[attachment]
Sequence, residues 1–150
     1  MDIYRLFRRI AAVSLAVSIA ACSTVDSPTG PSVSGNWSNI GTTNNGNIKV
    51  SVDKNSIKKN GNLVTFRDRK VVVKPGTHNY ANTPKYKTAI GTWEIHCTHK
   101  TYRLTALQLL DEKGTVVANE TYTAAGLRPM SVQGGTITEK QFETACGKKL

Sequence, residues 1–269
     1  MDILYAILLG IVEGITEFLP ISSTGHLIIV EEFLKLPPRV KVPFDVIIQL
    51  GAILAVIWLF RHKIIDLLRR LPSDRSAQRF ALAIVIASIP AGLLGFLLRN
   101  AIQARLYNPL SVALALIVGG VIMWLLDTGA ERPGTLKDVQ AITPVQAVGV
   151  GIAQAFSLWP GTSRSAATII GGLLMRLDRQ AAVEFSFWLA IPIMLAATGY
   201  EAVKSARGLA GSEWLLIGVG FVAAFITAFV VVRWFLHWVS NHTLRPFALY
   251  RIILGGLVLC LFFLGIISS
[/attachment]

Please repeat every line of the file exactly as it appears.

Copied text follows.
Sequence, residues 1–150
     1  MDIYRLFRRI AAVSLAVSIA ACSTVDSPTG PSVSGNWSNI GTTNNGNIKV
    51  SVDKNSIKKN GNLVTFRDRK VVVKPGTHNY ANTPKYKTAI GTWEIHCTHK
   101  TYRLTALQLL DEKGTVVANE TYTAAGLRPM SVQGGTITEK QFETACGKKL

Sequence, residues 1–269
     1  MDILYAILLG IVEGITEFLP ISSTGHLIIV EEFLKLPPRV KVPFDVIIQL
    51  GAILAVIWLF RHKIIDLLRR LPSDRSAQRF ALAIVIASIP AGLLGFLLRN
   101  AIQARLYNPL SVALALIVGG VIMWLLDTGA ERPGTLKDVQ AITPVQAVGV
   151  GIAQAFSLWP GTSRSAATII GGLLMRLDRQ AAVEFSFWLA IPIMLAATGY
   201  EAVKSARGLA GSEWLLIGVG FVAAFITAFV VVRWFLHWVS NHTLRPFALY
   251  RIILGGLVLC LFFLGIISS